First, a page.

One of the biggest beefs many people have with the mainstream media is in their self-appointed role as “gatekeepers”. In other words, they decide in the words of the New York Times what is “all the news fit to print.”
So imagine my surprise about stumbling across an article on the “South American Conference on Interdiction and Regional Security of Small Arms & Light Weapons”. The article was in the Latin American Herald Tribune out of Caracas, Venezuela. The article published an address by Ann Ganzer, Acting Deputy Assistant Secretary for Threat Reduction, Export Controls, and Negotiations in the Department of State. She is also the Director of Conventional Arms Threat Reduction in the Bureau of International Security and Nonproliferation. When I see the words “small arms”, “State Department”, and “Latin America” in one story I begin to get nervous.
The conference was August 4-6 in Buenos Aires, Argentina but the one and only report of it seems to have been from this obscure English language paper out of Venezuela. A quick Google search confirms it.
There was not anything really new in the address but it did some indications of what to expect from the Department of State regarding small arms, regional agreements, and treaties.
For example on the Arms Trade Treaty she said:
Another significant U.S. strategic step came in October 2009 when Secretary of State Clinton described a long-standing U.S. commitment to strong international standards on the international arms trade, outlining U.S. conditions for supporting an Arms Trade Treaty (ATT). In the words of Secretary Clinton “The United States is committed to actively pursuing a strong and robust treaty that contains the highest possible, legally binding standards for the international transfer of conventional weapons.” We consider the Secretary’s remarks an important first step toward a significant and meaningful international treaty.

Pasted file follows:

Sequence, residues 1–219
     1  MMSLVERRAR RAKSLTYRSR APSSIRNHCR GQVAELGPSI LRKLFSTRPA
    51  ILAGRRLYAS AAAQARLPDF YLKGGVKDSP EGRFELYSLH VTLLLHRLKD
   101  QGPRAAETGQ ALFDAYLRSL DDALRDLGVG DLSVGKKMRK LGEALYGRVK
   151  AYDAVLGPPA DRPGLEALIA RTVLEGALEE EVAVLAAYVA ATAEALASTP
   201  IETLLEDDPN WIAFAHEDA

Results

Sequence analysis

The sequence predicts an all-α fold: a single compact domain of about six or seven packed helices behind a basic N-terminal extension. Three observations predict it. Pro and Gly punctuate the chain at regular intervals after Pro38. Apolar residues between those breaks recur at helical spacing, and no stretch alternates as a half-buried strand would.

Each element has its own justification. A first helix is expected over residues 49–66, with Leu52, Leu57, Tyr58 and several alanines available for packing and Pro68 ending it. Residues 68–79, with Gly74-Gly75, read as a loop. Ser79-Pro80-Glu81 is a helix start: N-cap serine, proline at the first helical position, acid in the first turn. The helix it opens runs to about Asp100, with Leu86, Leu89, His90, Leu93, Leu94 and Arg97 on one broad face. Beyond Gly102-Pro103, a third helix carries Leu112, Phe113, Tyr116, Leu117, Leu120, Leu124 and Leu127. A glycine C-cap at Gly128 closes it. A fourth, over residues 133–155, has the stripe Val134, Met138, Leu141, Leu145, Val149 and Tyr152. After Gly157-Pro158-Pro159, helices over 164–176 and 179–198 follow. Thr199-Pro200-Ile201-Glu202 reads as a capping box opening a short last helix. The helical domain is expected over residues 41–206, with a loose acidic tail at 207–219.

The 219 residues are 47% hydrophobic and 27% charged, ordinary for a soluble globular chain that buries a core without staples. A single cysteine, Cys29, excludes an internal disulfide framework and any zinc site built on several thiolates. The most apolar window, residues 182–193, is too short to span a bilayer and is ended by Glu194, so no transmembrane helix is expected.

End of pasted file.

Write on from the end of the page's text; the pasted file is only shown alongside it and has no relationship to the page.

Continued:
The United States looks forward to working with others as we move toward PrepComs in 2011 and 2012, as we prepare for the start of the treaty negotiations in 2012.
On the Inter-American Convention against the Illicit Manufacturing of and Trafficking in Firearms, Ammunition, Explosives and other Related Materials – CIFTA – she said:
We are continuing consultations with the Senate today and seek prompt ratification. While this is pending, the U.S. is in compliance with the Convention implementing many of its commitments.
Lest we forget, CIFTA is the treaty, if approved, that could force reloaders to get a license to reload ammunition because it would be considered manufacturing. It would probably also mean the end of cover girls in the Dillon Precision Blue Press catalog.
She concluded the speech saying:
I have no doubt the security of the Americas will be significantly and positively impacted if we work together, learn from each other, and share information about interdiction, border security training, and other programs offered by members of the international community. As citizens of responsible states and fellow members of international organizations, it is incumbent upon all of us to do whatever it takes to put an end to the illicit proliferation of small arms and light weapons.
Frankly, I hope this conference ended up as your typical junket with a lot of drinking, partying, and not much really getting done. All I can say is that it is hard to keep up with these under the radar attempts at gun control. It is even harder if the mainstream media doesn’t think we need to know about it.